A female athlete's performance may depend on the phase of the menstrual cycle she is in. The menstrual cycle ranges from 24 to 35 days and comprises of three phases: menstrual phase (menses), preovulatory phase and the postovulatory phase. The menstrual phase is the periodic discharge of 25 to 65ml of blood, tissue fluid etc. and lasts for approximately 3 to 7 days.
Example of the phases of a 28-day menstrual cycle:
The effect of sport
Physically active women increase their chances of changes to their menstrual cycle. These include irregular cycles (oligomenorrhea) or complete cessation of the cycle (amenorrhea). In the general population, amenorrhea occurs in 2 to 5% of women of reproductive age, whereas for women participating in sport it can be as high as 40%.
All women need to be aware that exercise is not the only factor that can result in oligomenorrhea or amenorrhea. The other factors are a high-stress level, body weight and body composition (% body fat level below 20%).
Athletes are prime candidates for oligomenorrhea or amenorrhea as they are likely to experience:
Amenorrhea reduces the body's capacity to absorb calcium, decreases bone density and increases the risk of musculoskeletal injury in vigorous exercise.
Impact on training
The hardest time to race efficiently, for athletes experiencing a menstrual cycle, is during the week before menstruation and a week after ovulation (Williams 1997). At these times increased levels of progesterone stimulate the brain's respiratory centre increasing ventilation rates (progesterone is also linked to the mood swings). Athletes use breathing rate as an indicator of exercise intensity, so exercise can tend to feel harder at these times.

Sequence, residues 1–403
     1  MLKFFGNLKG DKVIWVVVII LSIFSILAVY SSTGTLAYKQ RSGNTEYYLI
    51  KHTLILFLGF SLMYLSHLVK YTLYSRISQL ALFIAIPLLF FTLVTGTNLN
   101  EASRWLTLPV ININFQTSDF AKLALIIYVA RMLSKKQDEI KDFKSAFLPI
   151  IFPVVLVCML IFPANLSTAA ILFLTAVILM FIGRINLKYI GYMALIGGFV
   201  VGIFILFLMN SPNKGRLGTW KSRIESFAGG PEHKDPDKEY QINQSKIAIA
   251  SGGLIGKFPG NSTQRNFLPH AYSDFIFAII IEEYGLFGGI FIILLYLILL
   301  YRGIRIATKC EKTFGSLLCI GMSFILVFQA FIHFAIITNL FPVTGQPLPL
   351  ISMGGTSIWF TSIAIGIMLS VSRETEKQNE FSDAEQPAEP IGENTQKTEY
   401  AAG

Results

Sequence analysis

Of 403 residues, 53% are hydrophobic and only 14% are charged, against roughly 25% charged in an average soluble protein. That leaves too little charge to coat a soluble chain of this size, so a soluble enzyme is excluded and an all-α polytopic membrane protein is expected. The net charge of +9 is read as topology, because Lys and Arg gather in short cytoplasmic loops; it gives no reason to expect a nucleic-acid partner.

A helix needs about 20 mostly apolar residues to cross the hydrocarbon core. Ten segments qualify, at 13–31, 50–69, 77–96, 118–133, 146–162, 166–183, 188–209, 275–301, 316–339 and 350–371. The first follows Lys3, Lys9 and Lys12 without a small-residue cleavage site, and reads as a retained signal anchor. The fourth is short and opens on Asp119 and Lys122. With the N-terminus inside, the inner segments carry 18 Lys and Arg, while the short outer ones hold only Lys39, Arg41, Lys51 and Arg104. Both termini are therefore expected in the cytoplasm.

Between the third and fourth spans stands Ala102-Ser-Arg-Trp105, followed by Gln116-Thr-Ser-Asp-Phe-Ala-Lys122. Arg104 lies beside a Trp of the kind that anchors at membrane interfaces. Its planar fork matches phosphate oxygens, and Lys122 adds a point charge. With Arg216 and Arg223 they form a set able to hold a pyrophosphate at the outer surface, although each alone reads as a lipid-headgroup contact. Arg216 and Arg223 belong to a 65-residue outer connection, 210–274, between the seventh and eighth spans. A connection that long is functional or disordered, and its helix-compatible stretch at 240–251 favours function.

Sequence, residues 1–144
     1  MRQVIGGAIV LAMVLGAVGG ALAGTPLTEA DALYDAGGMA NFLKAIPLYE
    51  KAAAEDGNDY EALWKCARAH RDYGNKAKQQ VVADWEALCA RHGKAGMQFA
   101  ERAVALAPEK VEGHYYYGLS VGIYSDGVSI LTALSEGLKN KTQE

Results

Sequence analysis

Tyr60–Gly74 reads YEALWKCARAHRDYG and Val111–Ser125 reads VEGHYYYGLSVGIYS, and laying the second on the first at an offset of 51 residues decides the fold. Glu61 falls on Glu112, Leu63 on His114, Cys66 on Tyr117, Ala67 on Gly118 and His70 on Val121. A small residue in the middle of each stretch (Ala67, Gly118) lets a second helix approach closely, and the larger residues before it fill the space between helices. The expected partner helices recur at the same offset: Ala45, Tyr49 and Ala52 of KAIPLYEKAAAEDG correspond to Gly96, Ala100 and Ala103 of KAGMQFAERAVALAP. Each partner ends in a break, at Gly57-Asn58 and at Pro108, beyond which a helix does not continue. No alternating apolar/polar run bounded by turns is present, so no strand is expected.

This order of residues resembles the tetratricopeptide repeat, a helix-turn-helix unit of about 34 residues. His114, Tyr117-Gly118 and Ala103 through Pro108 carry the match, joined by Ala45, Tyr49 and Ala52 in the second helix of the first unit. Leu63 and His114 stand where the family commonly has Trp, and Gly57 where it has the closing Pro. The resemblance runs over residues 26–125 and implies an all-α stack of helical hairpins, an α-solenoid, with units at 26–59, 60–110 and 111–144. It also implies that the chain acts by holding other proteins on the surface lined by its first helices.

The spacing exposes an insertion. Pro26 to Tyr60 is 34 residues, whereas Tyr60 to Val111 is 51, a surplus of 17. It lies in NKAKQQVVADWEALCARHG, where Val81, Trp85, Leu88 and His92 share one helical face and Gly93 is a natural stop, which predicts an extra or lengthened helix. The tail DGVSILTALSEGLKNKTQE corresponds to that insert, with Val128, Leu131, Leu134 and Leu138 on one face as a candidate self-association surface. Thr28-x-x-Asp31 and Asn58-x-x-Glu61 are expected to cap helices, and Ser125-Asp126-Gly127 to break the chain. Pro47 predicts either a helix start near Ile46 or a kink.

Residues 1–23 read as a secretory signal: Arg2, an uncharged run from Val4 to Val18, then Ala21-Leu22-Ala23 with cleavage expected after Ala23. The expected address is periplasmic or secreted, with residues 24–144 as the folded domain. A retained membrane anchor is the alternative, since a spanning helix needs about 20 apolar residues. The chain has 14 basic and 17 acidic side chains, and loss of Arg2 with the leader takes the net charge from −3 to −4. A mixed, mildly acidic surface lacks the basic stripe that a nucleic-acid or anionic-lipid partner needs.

The time of maximum efficiency for athletes experiencing a 28-day menstrual cycle might be pre-ovulation (days 9 to 12) or post-ovulation (days 17 to 20).
Anterior Cruciate Ligament (ACL) Laxity
The results of research by Heitz (1999) demonstrate that female ACL laxity significantly increases in conjunction with surging levels of estrogen and progesterone during the normal menstrual cycle.
Research by Slauterbeck (2002) found a significantly greater number of ACL injuries occurred on days 1 and 2 of the menstrual cycle.
A systematic review by Belanger (2013) of 13 clinical trials investigating the effect of the menstrual cycle on ACL laxity found that there is evidence to support the hypothesis that the ACL changes throughout the menstrual cycle, with it becoming laxer during the pre-ovulatory (luteal) phase. Overall, these reviews found statistically significant differences for variation in ACL laxity and injury throughout the menstrual cycle, especially during the pre-ovulatory phase. Female athletes may need to take precautions in order to reduce the likelihood of ACL injury.
Impact on Resting Heart Rate
Research indicates that the menstrual cycle has an impact on an individual's resting heart rate. Moran (2000) and her team found that resting heart rates (RHRs) show distinct values for the four phases of the menstrual cycle. RHR was significantly higher in both ovulatory and luteal phase (the second part of the cycle) when compared to menstruation and the follicular phase (the first part of the cycle). Shiliah (2017) and her team found that during a woman's fertile window, the period of about six days when a woman can become pregnant, her resting heart rate increases by about 2 beats per minute, on average, compared with her heart rate during menstruation.
The following graph is an example of an individual's resting heart rate, periods and ovulation over a period of nine months:
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